Code 457(f) Plans and Problems ... for Tax Exempt Orgs
2020.02.27 Take Warning: Tax Exempt Orgs. This is happening too often. A valued executive gets ready to retire from a charity or other tax exempt organization, and is promised some form of severance or retirement benefit that will be paid for months or years afterward. Because the payout involves a fixed payout schedule, no one expects a tax disaster. That seems to have happened to a rabbi, who has just sued his synagogue's law firm for damages arising because, as an Illinois district court noted, "his deferred compensation plan was not tax-compliant" (Stanley E. Kroll v. Cozen O'Connor PC, case number 1:19-cv-03919, N.D.IL).
2019.01.22 457(f) Landmine Lurks for All Tax-exempt Organizations … Even the Small Ones! “Maybe not today. Maybe not tomorrow, but someday” … you are likely to have a golden parachute problem. It’s not often that Casablanca and tax law intersect, but the above warning is apropos for any tax exempt organization that has a 457(f) plan. Plans of that kind are typically structured to avoid immediate income taxation for executives by deferring benefit payments until their termination of employment. No one would think this could trigger golden parachute penalties for the organization. In the wake of IRS Notice 2019-09, however, tax-exempt organizations should think again. Continued at ... 457(f) and 4960 Parachute Risks.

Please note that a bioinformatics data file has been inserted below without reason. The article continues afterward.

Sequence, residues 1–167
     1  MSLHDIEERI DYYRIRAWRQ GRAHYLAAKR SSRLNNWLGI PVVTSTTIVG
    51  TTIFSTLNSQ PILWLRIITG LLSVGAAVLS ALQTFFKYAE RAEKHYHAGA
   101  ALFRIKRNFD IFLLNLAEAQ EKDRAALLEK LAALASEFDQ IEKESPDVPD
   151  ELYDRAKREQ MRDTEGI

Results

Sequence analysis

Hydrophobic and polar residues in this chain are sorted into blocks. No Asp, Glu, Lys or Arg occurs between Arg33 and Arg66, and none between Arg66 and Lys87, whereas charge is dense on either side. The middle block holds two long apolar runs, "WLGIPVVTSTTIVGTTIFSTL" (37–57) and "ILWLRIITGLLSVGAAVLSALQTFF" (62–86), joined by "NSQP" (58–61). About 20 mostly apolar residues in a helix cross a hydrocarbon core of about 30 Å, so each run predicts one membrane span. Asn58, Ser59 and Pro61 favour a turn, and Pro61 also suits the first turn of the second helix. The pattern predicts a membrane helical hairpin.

2018.10.05 Statute of Limitations and 457(f) Violations. What a mess. I just spent a week exhaustively analyzing the confluence of W-2c corrective filings, the amounts includible in income when 457(f) violations span open and closed tax years, and the going forward strategies for formulating a cost-effective strategy by which to go forward. This BenefitsLink exchange is thought provoking. Just email Mark for more info.
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